Finally, technology has helped reduce the costs of executing big trades by facilitating a series of smaller transactions. On the other hand, technology has contributed to market fragmentation by giving rise to new Forex trading venues that have emerged as alternatives to traditional multilateral electronic trading platforms, enabling more non-banks to participate in the Forex markets. Market fragmentation has, according to some market participants, increased the cost of accessing Forex liquidity.
Furthermore, some participants suggest that technology may also have contributed to making the Forex markets prone to order flow imbalances, which are not always easily foreseen but can result in large movements in prices when they do occur.
And as for the impact of regulation, some market participants perceive that regulatory reforms designed to reduce risk-taking have lessened the incentive for dealers to warehouse risk, helping to reduce their participation in Forex markets and to lower their provision of Forex liquidity. However, despite tighter regulation, the costs of warehousing Forex risk is not generally perceived to be a significant issue, particularly in the spot markets.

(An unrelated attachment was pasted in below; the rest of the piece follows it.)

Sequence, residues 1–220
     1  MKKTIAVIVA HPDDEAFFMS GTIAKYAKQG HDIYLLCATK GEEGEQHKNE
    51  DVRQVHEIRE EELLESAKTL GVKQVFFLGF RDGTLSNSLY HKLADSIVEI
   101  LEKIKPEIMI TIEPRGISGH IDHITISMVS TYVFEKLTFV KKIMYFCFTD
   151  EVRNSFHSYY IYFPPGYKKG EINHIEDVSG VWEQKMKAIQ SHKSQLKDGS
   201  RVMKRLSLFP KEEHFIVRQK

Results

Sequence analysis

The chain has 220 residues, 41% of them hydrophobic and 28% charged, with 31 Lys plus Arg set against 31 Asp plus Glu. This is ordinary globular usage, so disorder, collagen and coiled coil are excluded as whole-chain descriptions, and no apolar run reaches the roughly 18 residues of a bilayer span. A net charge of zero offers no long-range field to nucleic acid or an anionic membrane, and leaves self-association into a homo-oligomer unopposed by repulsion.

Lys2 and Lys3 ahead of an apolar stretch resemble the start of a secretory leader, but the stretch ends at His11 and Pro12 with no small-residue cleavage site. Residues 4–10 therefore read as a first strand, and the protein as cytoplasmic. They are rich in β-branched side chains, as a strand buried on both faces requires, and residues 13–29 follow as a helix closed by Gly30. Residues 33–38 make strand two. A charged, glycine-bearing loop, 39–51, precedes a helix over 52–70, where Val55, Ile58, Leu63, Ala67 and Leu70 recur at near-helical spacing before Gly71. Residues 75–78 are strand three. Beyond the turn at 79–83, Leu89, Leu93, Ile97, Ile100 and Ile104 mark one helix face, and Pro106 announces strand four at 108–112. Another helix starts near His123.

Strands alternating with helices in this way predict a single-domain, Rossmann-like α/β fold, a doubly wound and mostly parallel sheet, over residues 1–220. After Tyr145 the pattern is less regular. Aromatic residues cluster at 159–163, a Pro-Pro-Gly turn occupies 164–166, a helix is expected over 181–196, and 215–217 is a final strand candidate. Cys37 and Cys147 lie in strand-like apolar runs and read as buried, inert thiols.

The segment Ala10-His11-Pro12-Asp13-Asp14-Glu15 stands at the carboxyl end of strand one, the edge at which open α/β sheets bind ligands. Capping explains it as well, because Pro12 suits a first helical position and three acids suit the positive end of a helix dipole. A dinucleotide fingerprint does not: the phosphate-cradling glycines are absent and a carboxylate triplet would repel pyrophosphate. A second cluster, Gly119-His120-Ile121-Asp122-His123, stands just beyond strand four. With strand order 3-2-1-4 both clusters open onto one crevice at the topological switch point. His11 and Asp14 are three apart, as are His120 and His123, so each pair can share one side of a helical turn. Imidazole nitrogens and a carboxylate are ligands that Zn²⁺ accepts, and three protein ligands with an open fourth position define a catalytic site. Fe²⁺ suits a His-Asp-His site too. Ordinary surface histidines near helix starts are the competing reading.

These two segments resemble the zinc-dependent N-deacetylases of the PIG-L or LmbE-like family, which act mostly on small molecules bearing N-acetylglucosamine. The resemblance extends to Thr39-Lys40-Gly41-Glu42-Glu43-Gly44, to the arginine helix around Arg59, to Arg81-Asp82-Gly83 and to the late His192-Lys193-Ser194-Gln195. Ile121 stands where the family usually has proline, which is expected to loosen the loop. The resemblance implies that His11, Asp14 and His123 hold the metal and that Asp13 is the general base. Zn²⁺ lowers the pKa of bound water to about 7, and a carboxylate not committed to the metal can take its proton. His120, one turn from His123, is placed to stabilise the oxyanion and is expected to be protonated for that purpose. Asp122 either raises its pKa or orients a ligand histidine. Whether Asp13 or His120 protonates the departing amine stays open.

In conclusion, the Forex market has grown and the requirement for liquidity services continues to soar. Technological innovation has reduced the cost of transactions, facilitating the participation of a broader spectrum of players by increasing the modes available for market access and enabling a wider range of financial institutions to participate in the Forex markets. Technology has also made possible the use of algorithmic and high-frequency trading strategies that are viewed by many market participants as having changed the dynamics of liquidity by enhancing liquidity in normal conditions while countering the impact of market fragmentation.
The future impact of regulatory change on Forex market liquidity remains to be seen as we look ahead towards further developments such as additional fines and stricter requirements for participants to closely monitor trader behaviour. The legal part of the operation is presently far more costly than technology requirements but regardless of technological advancements, legal costs will almost certainly continue to outweigh these costs. However, that is not to the detriment of the industry and is, on the contrary, as all participants want to deal with regulated institutions.
One thing for certain, the Forex market continues to hold a large grip against other asset classes, despite changes in financial regulation, technology and the other factors that have been discussed so we can be certain that liquidity will remain all-important and well-supported for the foreseeable future.
Author: Arthur Azizov, CEO and Founder of B2Broker